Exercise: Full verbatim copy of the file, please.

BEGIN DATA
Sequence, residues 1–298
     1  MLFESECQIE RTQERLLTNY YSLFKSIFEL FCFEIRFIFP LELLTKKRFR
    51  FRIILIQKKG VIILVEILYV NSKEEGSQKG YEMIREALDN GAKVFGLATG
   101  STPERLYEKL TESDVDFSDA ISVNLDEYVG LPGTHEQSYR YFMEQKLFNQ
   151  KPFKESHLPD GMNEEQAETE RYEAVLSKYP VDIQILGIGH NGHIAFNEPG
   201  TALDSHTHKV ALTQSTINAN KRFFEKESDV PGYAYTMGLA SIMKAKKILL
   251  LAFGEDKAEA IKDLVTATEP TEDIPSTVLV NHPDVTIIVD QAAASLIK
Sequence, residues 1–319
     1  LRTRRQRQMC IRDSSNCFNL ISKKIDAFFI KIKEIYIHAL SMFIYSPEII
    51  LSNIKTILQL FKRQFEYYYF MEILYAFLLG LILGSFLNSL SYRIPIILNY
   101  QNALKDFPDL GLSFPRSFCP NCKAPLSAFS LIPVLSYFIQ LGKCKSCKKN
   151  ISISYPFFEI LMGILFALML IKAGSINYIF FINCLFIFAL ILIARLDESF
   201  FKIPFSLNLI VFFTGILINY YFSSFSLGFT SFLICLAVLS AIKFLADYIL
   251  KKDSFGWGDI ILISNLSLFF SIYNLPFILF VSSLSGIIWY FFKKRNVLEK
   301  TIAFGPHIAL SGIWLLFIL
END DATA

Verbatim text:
Sequence, residues 1–298
     1  MLFESECQIE RTQERLLTNY YSLFKSIFEL FCFEIRFIFP LELLTKKRFR
    51  FRIILIQKKG VIILVEILYV NSKEEGSQKG YEMIREALDN GAKVFGLATG
   101  STPERLYEKL TESDVDFSDA ISVNLDEYVG LPGTHEQSYR YFMEQKLFNQ
   151  KPFKESHLPD GMNEEQAETE RYEAVLSKYP VDIQILGIGH NGHIAFNEPG
   201  TALDSHTHKV ALTQSTINAN KRFFEKESDV PGYAYTMGLA SIMKAKKILL
   251  LAFGEDKAEA IKDLVTATEP TEDIPSTVLV NHPDVTIIVD QAAASLIK
Sequence, residues 1–319
     1  LRTRRQRQMC IRDSSNCFNL ISKKIDAFFI KIKEIYIHAL SMFIYSPEII
    51  LSNIKTILQL FKRQFEYYYF MEILYAFLLG LILGSFLNSL SYRIPIILNY
   101  QNALKDFPDL GLSFPRSFCP NCKAPLSAFS LIPVLSYFIQ LGKCKSCKKN
   151  ISISYPFFEI LMGILFALML IKAGSINYIF FINCLFIFAL ILIARLDESF
   201  FKIPFSLNLI VFFTGILINY YFSSFSLGFT SFLICLAVLS AIKFLADYIL
   251  KKDSFGWGDI ILISNLSLFF SIYNLPFILF VSSLSGIIWY FFKKRNVLEK
   301  TIAFGPHIAL SGIWLLFIL